Volume 109, Number 6, March 2015
|Number of page(s)||6|
|Section||Interdisciplinary Physics and Related Areas of Science and Technology|
|Published online||25 May 2015|
Heterogenous allocation of chips promotes fairness in the Ultimatum Game
1 School of Electro-Mechanical Engineering, Xidian University - Xi'an 710071, China
2 Institute of Systems Engineering, Macau University of Science and Technology - Taipa, Macau
3 Faculty of Mathematics, King Abdulaziz University - Jeddah 21589, Saudi Arabia
4 Center for Systems and Control, State Key Laboratory for Turbulence and Complex Systems, College of Engineering, Peking University - Beijing 100871, China
Received: 24 January 2015
Accepted: 13 March 2015
In an economic Ultimatum Game, two players interact to decide how to split a certain amount of money. The proposer formulates an allocation scheme to divide the sum, and the responder's decision is, either adoption, in which case both players are rewarded in accordance with the scheme, or rejection, in which case neither player is benefited. The economic theory and game theory predict that a rational proposer will offer his opponent a minimal but nonzero share and the responder will admit this scheme. However, this prediction is impractical in real situations and abundant experiments and theories are presented to resolve the discrepancy. Here, we concentrate on investigating the impact of heterogenous allocation of the chips on the evolution of fairness in the framework of the evolutionary game theory. The proposer has the privilege to offer the amount of the chips and make the allocation resolution to the responder. Interestingly, it is found that fairness prevails when the proposer is courageous enough to offer more chips to unsuccessful opponents. Moreover, we find that an amplifying group interaction enlarges the effects of heterogenous allocation of the chips on the evolution of fairness.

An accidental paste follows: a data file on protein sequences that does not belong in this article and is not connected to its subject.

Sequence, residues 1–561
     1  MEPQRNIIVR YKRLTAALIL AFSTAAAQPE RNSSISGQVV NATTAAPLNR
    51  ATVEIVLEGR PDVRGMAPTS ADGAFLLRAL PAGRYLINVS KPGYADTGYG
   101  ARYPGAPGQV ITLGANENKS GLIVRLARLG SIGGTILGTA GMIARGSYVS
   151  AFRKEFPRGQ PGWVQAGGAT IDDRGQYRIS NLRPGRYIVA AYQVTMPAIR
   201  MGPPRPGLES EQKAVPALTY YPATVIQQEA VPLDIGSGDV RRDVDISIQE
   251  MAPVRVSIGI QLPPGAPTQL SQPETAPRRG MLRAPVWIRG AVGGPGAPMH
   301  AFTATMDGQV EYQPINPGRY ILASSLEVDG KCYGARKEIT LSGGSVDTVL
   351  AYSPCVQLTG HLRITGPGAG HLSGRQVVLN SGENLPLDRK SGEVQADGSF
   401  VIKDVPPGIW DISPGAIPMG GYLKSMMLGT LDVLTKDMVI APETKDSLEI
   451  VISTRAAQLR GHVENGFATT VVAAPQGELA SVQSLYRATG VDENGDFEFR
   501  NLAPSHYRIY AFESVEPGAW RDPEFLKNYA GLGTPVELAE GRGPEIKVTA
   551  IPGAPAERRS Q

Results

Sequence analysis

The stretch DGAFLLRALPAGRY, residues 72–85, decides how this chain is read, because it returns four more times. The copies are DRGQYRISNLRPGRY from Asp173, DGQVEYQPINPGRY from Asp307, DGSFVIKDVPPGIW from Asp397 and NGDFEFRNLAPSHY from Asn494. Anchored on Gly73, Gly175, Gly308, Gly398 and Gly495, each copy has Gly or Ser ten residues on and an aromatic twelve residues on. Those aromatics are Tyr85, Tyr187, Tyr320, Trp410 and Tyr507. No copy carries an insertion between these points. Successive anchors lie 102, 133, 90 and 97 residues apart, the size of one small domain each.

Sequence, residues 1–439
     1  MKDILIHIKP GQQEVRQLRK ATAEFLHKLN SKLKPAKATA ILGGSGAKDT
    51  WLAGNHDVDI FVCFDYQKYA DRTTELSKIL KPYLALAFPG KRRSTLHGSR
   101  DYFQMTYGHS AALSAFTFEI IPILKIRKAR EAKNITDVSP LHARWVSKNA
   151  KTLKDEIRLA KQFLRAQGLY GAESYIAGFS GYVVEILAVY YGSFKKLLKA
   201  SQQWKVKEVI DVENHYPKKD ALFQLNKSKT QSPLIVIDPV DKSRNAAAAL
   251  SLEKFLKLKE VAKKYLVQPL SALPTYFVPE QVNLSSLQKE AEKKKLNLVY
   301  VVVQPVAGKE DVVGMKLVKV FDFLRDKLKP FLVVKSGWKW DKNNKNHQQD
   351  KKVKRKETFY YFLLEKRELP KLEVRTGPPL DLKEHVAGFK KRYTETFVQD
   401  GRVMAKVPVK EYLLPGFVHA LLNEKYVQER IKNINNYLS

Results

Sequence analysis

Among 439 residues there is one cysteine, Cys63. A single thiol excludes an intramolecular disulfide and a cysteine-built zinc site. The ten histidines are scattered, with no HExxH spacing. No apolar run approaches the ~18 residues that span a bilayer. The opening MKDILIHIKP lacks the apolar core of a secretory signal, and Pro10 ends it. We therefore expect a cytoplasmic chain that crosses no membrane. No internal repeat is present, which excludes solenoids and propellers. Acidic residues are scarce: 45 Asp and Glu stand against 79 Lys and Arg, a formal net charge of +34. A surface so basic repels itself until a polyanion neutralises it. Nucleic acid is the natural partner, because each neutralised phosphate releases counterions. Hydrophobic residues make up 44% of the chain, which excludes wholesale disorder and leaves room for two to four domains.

PACS: 87.23.Ge – Dynamics of social systems / 87.23.Kg – Dynamics of evolution / 89.75.Fb – Structures and organization in complex systems
© EPLA, 2015
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